3 Last Minute Tax Tips for 2015

By Markets Fool.com

There's less than a month until Tax Day 2015 so we asked three of our Motley Fool tax experts to weigh in with their last minute tax tips for this year.

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: One last minute tax tip for 2015 is to make sure you submit all your forms.

Most employers and other payers had until Feb. 2 to send you your W-2's and 1099's, though in some special cases for 1099's, like with real estate sales, the due date is Feb. 17. If you received a tax form the IRS likely received the same information. The easiest way to get audited is to not submit all the tax forms that you received. For that reason, make sure you have a checklist of all the records you will be submitting to the IRS so that you do not miss anything in the moment when you go to file.

Investors need to particularly pay attention if they own any partnerships. Partnerships provide their partners with tax income information on form K-1. Stocks that likely send out K-1's include master limited partnerships, or MLPs, limited partnerships, or LPs, and some commodity ETFs. Partnerships were required to send out their K-1's to investors by March 15, a month and a half after regular tax forms. Depending on the mail, you may not have even received your K-1 yet.

If you already filed your taxes and receive a K-1 after the fact, you will have to file an amended return. If you decide not to file and hope the IRS doesn't notice, don't be surprised when you get a letter in the mail from the IRS and have to pay interest on the back taxes.

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Dan Caplinger: As the tax deadline approaches, more and more taxpayers will inevitably get to the point at which they simply give up and realize that they're not going to be able to finish their returns on time. The rising complexity of the tax system, including brand-new forms dealing with the Affordable Care Act and reporting requirements for brokers that make it harder for them to get necessary information to taxpayers on time, has made getting extensions a regular event for many taxpayers.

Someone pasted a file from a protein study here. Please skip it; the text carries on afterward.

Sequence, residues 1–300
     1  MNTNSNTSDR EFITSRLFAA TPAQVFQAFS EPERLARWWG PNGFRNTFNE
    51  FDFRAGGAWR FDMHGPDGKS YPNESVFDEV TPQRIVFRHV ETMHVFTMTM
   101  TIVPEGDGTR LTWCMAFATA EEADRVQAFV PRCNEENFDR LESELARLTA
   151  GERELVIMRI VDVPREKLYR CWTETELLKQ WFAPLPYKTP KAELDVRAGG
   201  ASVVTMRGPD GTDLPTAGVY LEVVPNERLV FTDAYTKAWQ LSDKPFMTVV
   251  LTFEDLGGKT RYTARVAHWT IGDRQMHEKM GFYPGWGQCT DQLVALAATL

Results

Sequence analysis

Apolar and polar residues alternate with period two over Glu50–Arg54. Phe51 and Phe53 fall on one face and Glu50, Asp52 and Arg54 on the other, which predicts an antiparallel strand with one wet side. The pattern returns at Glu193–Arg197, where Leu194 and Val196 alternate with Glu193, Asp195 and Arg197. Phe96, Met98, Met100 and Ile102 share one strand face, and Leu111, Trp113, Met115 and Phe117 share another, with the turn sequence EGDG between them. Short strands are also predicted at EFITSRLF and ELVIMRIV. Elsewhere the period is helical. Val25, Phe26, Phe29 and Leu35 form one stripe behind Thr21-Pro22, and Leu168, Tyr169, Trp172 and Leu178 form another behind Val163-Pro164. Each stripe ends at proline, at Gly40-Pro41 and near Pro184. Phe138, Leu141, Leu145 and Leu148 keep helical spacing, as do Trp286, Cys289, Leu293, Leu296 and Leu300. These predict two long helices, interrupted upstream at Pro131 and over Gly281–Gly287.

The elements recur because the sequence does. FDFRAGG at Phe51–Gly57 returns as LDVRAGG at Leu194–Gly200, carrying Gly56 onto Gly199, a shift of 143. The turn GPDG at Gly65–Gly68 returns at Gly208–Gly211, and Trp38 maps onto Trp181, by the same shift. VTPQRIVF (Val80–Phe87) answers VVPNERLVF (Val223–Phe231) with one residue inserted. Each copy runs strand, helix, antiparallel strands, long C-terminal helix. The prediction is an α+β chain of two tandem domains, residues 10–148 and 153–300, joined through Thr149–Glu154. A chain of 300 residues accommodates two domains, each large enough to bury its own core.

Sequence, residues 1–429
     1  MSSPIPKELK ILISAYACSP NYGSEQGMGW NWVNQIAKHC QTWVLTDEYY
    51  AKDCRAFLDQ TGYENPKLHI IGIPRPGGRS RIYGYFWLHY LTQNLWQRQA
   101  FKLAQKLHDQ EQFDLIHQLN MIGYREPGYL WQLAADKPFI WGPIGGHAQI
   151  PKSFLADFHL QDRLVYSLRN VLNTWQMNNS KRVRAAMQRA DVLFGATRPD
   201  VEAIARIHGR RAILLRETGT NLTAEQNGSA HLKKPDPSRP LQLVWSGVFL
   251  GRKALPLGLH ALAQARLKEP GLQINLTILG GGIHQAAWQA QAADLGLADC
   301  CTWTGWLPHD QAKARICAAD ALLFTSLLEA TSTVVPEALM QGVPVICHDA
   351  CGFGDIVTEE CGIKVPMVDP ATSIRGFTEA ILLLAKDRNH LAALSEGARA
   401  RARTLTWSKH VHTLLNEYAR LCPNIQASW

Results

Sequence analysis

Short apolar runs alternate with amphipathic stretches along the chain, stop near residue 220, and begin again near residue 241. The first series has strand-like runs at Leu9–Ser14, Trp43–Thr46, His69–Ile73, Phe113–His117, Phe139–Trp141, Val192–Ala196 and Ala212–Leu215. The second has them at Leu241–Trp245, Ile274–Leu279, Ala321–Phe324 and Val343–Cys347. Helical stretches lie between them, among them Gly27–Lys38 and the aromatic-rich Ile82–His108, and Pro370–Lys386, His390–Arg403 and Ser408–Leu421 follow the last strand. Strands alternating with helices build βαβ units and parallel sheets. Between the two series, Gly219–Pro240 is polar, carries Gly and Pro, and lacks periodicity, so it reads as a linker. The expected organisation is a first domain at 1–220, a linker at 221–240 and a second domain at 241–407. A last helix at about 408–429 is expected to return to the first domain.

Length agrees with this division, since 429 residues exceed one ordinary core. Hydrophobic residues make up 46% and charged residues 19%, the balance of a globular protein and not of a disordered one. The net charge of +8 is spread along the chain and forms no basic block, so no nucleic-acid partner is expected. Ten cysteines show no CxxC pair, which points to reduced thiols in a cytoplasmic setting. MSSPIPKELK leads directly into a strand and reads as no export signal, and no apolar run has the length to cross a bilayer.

The one thing to remember, though, is that although getting a time extension to file your tax return is a trivial exercise, it doesn't excuse you from having to pay your taxes on time. Automatic six-month extensions will give you until mid-October to get your completed returns to the IRS. But if you owe money on your taxes, you still need to pay it by April 15. If you don't, you'll owe interest on any outstanding tax balance. Moreover, if you haven't paid enough of your taxes to qualify for an exemption, you may owe late payment penalties. At just half a percent per month, though, those penalties are small compared to the 5% monthly penalty for not filing a timely return at all -- making the extension that much more important.

: The IRS isn't exactly known for giving second chances, except when it comes to retirement.

The IRS treats any contribution to an IRA before April 15, 2015 as a contribution during the 2014 tax year. Thus, any contributions made to an IRA before your tax due date will be deductible against your income from 2014, provided you are within the income limitations. This helps in three ways: First, contributions to a traditional IRA can reduce your taxes owed for last year. Secondly, many people will find that they get some of their contribution back in the form of a bigger refund shortly after filing. Finally, and most importantly, it allows you the second chance to top off the legal maximum contribution of $5,500 ($6,500 for people 50 years of age or older).

It's your one shot to go back in time and take full advantage of your individual retirement account -- make good use of it.

The article 3 Last Minute Tax Tips for 2015 originally appeared on Fool.com.

Dan Caplinger has no position in any stocks mentioned. Dan Dzombak has no position in any stocks mentioned. Jordan Wathen has no position in any stocks mentioned. Try any of our Foolish newsletter services free for 30 days. We Fools may not all hold the same opinions, but we all believe that considering a diverse range of insights makes us better investors. The Motley Fool has a disclosure policy.